Background: Surgical aortic valve replacement (SAVR) is the definitive proven therapy for patients with severe aortic stenosis who have symptoms or decreased left ventricular (LV) function. The development of transcatheter aortic valve implantation (TAVI) offers a viable and "less invasive" option for the treatment of patients with critical aortic stenosis at high risk with conventional approaches. The main objective of this study was the comparison of LV hemodynamic and structural modifications (reverse remodeling) between percutaneous and surgical approaches in the treatment of severe aortic stenosis. Methods: Fifty-eight patients who underwent TAVI with the CoreValve bioprosthetic valve were compared with 58 patients with similar characteristics who underwent SAVR. Doppler echocardiographic data were obtained before the intervention, at discharge, and after 6-month to 12-month follow-up. Results: Mean transprosthetic gradient at discharge was lower (P < .003) in the TAVI group (10 +/- 5 mm Hg) compared with the SAVR group (14 6 5 mm Hg) and was confirmed at follow-up (10 +/- 4 vs 13 +/- 4 mm Hg, respectively, P < .001). Paravalvular leaks were more frequent in the TAVI group (trivial to mild, 69%; moderate, 14%) than in the SAVR group (trivial to mild, 30%; moderate, 0%) (P < .0001). The incidence of severe prosthesis-patient mismatch (PPM) was significantly lower (P < .004) in the TAVI group (12%) compared with the SAVR group (36%). At follow-up, LV mass and LV mass indexed to height and to body surface area improved in both groups, with no significant difference. In patients with severe PPM, only the TAVI subgroup showed significant reductions in LV mass. LV ejection fraction improved at follow-up significantly only in TAVI patients compared with baseline values (from 50.2 +/- 9.6% to 54.8 +/- 7.3%, P < .0001). Conclusions: Hemodynamic performance after TAVI was shown to be superior to that after SAVR in terms of transprosthetic gradient, LV ejection fraction, and the prevention of severe PPM, but with a higher incidence of aortic regurgitation. Furthermore, LV reverse remodeling was observed in all patients in the absence of PPM, while the same remodeling occurred only in the TAVI subgroup when severe PPM was present. (J Am Soc Echocardiogr 2011;24:28-36.)

Left Ventricular Reverse Remodeling in Percutaneous and Surgical Aortic Bioprostheses: An Echocardiographic Study

PETRONIO, ANNA;BORTOLOTTI, UBERTO;MARZILLI, MARIO;DI BELLO, VITANTONIO
2011

Abstract

Background: Surgical aortic valve replacement (SAVR) is the definitive proven therapy for patients with severe aortic stenosis who have symptoms or decreased left ventricular (LV) function. The development of transcatheter aortic valve implantation (TAVI) offers a viable and "less invasive" option for the treatment of patients with critical aortic stenosis at high risk with conventional approaches. The main objective of this study was the comparison of LV hemodynamic and structural modifications (reverse remodeling) between percutaneous and surgical approaches in the treatment of severe aortic stenosis. Methods: Fifty-eight patients who underwent TAVI with the CoreValve bioprosthetic valve were compared with 58 patients with similar characteristics who underwent SAVR. Doppler echocardiographic data were obtained before the intervention, at discharge, and after 6-month to 12-month follow-up. Results: Mean transprosthetic gradient at discharge was lower (P < .003) in the TAVI group (10 +/- 5 mm Hg) compared with the SAVR group (14 6 5 mm Hg) and was confirmed at follow-up (10 +/- 4 vs 13 +/- 4 mm Hg, respectively, P < .001). Paravalvular leaks were more frequent in the TAVI group (trivial to mild, 69%; moderate, 14%) than in the SAVR group (trivial to mild, 30%; moderate, 0%) (P < .0001). The incidence of severe prosthesis-patient mismatch (PPM) was significantly lower (P < .004) in the TAVI group (12%) compared with the SAVR group (36%). At follow-up, LV mass and LV mass indexed to height and to body surface area improved in both groups, with no significant difference. In patients with severe PPM, only the TAVI subgroup showed significant reductions in LV mass. LV ejection fraction improved at follow-up significantly only in TAVI patients compared with baseline values (from 50.2 +/- 9.6% to 54.8 +/- 7.3%, P < .0001). Conclusions: Hemodynamic performance after TAVI was shown to be superior to that after SAVR in terms of transprosthetic gradient, LV ejection fraction, and the prevention of severe PPM, but with a higher incidence of aortic regurgitation. Furthermore, LV reverse remodeling was observed in all patients in the absence of PPM, while the same remodeling occurred only in the TAVI subgroup when severe PPM was present. (J Am Soc Echocardiogr 2011;24:28-36.)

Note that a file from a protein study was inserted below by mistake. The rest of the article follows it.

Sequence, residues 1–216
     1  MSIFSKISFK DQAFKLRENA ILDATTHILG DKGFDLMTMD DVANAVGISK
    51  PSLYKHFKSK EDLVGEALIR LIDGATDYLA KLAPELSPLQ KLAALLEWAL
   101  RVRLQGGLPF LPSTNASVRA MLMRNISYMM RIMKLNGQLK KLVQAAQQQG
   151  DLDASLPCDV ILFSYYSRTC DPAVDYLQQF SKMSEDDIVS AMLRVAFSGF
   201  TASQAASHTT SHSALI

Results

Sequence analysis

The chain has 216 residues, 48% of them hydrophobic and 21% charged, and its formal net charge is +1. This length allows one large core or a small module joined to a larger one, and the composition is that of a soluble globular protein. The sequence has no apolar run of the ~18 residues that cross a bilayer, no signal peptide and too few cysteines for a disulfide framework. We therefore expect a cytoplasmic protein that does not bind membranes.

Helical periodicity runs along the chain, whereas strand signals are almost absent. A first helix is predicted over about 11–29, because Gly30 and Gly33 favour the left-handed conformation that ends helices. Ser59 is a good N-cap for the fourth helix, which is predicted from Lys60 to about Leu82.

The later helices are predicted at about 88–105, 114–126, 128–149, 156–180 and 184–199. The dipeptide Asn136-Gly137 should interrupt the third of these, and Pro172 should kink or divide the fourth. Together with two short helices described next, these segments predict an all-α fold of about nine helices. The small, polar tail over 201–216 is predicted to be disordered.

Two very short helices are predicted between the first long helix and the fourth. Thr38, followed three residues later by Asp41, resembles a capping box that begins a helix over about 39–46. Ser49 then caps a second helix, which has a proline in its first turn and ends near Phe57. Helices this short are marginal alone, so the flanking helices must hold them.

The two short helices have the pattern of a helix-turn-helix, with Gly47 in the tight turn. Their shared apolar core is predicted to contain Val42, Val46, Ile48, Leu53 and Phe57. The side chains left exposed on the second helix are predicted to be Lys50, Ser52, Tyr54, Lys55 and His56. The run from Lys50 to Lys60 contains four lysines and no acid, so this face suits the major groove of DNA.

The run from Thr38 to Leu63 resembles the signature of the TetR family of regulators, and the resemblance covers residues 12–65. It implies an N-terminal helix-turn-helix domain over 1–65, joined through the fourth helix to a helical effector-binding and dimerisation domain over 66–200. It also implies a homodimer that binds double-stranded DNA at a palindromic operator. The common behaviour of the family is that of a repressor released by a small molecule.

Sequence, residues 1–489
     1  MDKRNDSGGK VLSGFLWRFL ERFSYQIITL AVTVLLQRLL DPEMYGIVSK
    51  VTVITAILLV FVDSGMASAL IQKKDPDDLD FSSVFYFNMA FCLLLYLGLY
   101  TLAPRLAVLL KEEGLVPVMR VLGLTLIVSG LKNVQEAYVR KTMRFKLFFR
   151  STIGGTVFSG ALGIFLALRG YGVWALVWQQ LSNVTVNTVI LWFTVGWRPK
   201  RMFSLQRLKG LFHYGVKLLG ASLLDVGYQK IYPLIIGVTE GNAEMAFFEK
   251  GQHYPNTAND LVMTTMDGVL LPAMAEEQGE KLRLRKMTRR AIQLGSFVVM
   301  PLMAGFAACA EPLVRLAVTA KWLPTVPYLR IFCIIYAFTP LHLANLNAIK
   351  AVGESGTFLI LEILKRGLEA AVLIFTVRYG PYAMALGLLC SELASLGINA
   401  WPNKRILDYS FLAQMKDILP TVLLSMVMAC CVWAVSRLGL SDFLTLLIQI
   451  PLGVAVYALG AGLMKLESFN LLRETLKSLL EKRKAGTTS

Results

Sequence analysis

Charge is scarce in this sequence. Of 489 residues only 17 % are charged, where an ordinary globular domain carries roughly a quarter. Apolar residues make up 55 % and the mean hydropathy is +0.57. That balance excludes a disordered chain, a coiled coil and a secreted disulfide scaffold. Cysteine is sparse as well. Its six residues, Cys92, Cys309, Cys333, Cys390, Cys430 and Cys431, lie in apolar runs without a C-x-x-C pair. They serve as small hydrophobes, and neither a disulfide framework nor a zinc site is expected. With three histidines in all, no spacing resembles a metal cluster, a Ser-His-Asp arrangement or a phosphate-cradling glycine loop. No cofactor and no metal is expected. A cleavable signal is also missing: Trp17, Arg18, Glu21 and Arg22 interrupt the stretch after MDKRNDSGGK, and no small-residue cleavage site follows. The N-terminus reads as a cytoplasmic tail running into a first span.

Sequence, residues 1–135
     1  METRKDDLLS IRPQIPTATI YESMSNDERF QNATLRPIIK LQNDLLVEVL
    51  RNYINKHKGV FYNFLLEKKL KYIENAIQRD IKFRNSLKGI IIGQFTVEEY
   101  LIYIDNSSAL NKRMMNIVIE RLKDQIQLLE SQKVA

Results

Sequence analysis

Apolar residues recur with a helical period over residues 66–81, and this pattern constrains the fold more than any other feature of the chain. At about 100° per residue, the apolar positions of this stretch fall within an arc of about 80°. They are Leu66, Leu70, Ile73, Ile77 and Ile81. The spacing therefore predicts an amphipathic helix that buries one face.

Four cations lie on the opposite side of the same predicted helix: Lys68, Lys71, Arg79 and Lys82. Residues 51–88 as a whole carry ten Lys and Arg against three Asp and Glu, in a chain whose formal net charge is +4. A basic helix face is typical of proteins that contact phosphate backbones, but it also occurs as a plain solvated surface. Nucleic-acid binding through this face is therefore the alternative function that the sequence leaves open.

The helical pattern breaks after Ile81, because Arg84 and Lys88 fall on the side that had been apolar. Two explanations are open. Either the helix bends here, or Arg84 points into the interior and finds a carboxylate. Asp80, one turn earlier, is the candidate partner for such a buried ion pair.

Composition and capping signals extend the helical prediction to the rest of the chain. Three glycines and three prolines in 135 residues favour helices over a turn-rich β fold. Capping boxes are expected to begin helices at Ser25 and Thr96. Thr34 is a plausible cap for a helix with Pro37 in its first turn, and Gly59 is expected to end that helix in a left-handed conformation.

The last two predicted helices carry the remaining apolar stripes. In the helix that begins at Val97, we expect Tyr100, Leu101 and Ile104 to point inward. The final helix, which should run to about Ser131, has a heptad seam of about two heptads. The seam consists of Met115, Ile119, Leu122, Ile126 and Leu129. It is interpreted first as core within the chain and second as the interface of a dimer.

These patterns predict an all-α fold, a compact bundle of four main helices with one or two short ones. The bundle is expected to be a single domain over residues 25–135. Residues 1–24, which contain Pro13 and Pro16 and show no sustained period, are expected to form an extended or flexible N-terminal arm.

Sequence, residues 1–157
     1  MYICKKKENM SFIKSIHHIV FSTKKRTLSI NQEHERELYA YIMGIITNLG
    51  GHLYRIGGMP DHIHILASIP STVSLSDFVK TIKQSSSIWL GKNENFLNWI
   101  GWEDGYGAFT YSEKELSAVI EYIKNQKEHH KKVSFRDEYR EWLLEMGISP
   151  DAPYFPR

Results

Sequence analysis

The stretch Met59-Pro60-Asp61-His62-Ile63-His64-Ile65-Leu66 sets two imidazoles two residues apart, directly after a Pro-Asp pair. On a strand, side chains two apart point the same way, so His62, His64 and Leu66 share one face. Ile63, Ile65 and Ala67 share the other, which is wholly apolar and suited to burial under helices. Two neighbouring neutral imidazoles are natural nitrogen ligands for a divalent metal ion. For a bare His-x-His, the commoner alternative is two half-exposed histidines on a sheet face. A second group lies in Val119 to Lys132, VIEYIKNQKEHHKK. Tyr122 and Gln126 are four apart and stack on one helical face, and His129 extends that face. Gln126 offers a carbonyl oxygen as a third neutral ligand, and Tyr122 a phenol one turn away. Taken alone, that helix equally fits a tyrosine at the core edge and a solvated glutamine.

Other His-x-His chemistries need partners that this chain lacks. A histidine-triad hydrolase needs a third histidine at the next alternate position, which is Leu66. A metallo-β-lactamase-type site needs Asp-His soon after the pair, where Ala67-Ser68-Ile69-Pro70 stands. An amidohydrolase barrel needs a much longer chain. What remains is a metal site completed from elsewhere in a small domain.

Giannini, C; Petronio, Anna; Nardi, C; De Carlo, M; Guarracino, F; Delle Donne, Mg; Talini, E; Minzioni, G; Bortolotti, Uberto; Cucco, C; Marzilli, Mario; DI BELLO, Vitantonio
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Utilizza questo identificativo per citare o creare un link a questo documento: http://hdl.handle.net/11568/203774
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